Interaction of Deuterium Plasma with pre-nitrided Tungsten Surfaces

 

Experiments in the tokamak ASDEX Upgrade have shown that the addition of nitrogen to the plasma reduces the power flux to the wall and at the same time improves the plasma performance. However, nitrogen from the plasma is implanted into the tungsten surfaces and becomes chemically bound. This bound nitrogen influences plasma-surface-interaction processes and hydrogen retention in the wall material.

The interaction of nitrogen-containing tungsten surfaces (WNx) with hydrogen plasmas and their influence on hydrogen retention was investigated in laboratory experiments by Gao Liang in the frame of his PhD thesis at IPP.

<p>Confocal laser scanning microscope image of a tungsten surface after deuterium implantation. The right-hand side of the sample was covered with a 100&nbsp;nm thick WN<sub>x</sub> layer prior to D implantation. The pure tungsten surface (left) shows strong blistering (formation of gas-filled cavities underneath the surface), while no blisters occur on the WNx-covered half (right).</p> Zoom Image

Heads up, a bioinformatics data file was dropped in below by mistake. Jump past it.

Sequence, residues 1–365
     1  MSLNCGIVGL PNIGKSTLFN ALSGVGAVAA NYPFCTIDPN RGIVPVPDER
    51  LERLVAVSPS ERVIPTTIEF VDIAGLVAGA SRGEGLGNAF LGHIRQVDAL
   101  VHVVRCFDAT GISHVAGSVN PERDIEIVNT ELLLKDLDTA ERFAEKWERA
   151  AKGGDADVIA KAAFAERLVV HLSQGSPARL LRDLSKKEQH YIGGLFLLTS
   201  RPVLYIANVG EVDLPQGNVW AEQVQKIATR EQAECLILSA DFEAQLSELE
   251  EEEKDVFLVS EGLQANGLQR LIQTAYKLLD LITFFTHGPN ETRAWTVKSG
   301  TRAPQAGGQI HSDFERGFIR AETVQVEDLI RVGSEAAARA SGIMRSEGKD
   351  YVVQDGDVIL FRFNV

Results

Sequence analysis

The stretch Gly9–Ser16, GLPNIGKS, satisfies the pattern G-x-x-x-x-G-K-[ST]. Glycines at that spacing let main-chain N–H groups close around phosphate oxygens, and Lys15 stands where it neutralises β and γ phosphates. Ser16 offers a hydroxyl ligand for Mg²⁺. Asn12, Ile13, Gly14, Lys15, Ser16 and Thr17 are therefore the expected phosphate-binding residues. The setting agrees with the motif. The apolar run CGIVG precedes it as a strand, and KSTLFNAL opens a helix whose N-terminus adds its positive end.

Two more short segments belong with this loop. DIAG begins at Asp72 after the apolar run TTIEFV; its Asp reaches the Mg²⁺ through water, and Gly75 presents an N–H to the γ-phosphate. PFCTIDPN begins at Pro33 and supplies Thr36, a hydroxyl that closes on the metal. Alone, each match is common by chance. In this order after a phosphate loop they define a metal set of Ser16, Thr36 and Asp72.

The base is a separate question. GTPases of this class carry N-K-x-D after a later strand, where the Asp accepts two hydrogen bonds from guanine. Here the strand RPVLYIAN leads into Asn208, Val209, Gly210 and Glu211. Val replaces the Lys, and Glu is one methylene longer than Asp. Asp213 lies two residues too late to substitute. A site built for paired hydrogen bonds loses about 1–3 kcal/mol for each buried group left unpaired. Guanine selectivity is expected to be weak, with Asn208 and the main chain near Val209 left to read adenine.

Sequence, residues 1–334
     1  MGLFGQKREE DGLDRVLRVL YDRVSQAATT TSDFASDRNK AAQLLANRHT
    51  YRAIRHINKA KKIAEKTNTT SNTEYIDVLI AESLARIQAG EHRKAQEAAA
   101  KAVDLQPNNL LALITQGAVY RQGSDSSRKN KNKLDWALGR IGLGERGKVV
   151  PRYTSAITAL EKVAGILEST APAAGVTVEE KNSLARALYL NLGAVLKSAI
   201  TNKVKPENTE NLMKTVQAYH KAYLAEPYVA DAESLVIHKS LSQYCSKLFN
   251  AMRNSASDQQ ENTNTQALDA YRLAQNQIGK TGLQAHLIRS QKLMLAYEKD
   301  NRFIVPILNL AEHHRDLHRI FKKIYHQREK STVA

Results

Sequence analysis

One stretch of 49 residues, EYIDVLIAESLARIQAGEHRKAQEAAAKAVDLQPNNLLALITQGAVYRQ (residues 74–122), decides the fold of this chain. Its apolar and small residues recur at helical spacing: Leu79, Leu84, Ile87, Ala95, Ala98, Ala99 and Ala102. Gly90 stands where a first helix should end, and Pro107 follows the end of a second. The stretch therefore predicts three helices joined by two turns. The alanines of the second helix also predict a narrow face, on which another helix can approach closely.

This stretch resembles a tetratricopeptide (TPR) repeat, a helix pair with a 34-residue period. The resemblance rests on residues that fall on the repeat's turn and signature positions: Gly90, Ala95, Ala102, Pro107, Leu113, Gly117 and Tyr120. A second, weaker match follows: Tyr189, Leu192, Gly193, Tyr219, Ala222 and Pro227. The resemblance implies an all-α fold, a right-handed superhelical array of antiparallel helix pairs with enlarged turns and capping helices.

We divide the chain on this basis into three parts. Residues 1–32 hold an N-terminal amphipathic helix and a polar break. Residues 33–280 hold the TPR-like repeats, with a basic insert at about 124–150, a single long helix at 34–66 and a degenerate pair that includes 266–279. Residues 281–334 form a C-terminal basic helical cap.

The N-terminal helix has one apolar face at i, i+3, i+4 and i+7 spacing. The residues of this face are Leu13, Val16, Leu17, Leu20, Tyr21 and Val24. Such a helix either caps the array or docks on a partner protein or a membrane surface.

Confocal laser scanning microscope image of a tungsten surface after deuterium implantation. The right-hand side of the sample was covered with a 100 nm thick WNx layer prior to D implantation. The pure tungsten surface (left) shows strong blistering (formation of gas-filled cavities underneath the surface), while no blisters occur on the WNx-covered half (right).

[less]

One important result is the finding that nitrogen implantation into tungsten strongly suppresses hydrogen diffusion.

At 300 K the diffusion of H in WNx is negligible and at 600 K it is still much lower than in pure W.

Additionally he developed a refined method to determine the deuterium depth profile at surfaces with significantly improved depth resolution.

With this work L. Gao graduated at the Ruhr University Bochum in January 2016.

 

L. Gao et al., Nuclear Fusion 56, 016004 (2016),
http://dx.doi.org/10.1088/0029-5515/56/1/016004

L. Gao et al., Physica Scripta T159, 014023 (2014),
http://dx.doi.org/10.1088/0031-8949/2014/T159/014023

 
loading content
Go to Editor View